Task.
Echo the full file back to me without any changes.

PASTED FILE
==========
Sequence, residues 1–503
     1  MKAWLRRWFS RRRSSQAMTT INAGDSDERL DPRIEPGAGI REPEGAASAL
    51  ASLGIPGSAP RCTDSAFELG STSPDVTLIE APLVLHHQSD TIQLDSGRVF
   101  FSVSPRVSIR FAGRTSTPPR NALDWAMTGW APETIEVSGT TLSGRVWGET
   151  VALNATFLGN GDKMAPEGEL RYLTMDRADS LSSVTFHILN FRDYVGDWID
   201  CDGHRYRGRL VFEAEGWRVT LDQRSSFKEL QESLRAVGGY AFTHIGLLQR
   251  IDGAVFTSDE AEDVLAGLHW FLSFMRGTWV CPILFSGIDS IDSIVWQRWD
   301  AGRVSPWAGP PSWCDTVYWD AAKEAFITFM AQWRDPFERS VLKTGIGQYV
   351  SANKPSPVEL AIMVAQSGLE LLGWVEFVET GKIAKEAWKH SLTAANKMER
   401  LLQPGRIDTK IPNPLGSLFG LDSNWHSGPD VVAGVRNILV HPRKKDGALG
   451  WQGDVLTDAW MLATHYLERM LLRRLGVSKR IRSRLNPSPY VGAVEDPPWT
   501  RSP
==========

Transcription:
Sequence, residues 1–503
     1  MKAWLRRWFS RRRSSQAMTT INAGDSDERL DPRIEPGAGI REPEGAASAL
    51  ASLGIPGSAP RCTDSAFELG STSPDVTLIE APLVLHHQSD TIQLDSGRVF
   101  FSVSPRVSIR FAGRTSTPPR NALDWAMTGW APETIEVSGT TLSGRVWGET
   151  VALNATFLGN GDKMAPEGEL RYLTMDRADS LSSVTFHILN FRDYVGDWID
   201  CDGHRYRGRL VFEAEGWRVT LDQRSSFKEL QESLRAVGGY AFTHIGLLQR
   251  IDGAVFTSDE AEDVLAGLHW FLSFMRGTWV CPILFSGIDS IDSIVWQRWD
   301  AGRVSPWAGP PSWCDTVYWD AAKEAFITFM AQWRDPFERS VLKTGIGQYV
   351  SANKPSPVEL AIMVAQSGLE LLGWVEFVET GKIAKEAWKH SLTAANKMER
   401  LLQPGRIDTK IPNPLGSLFG LDSNWHSGPD VVAGVRNILV HPRKKDGALG
   451  WQGDVLTDAW MLATHYLERM LLRRLGVSKR IRSRLNPSPY VGAVEDPPWT
   501  RSP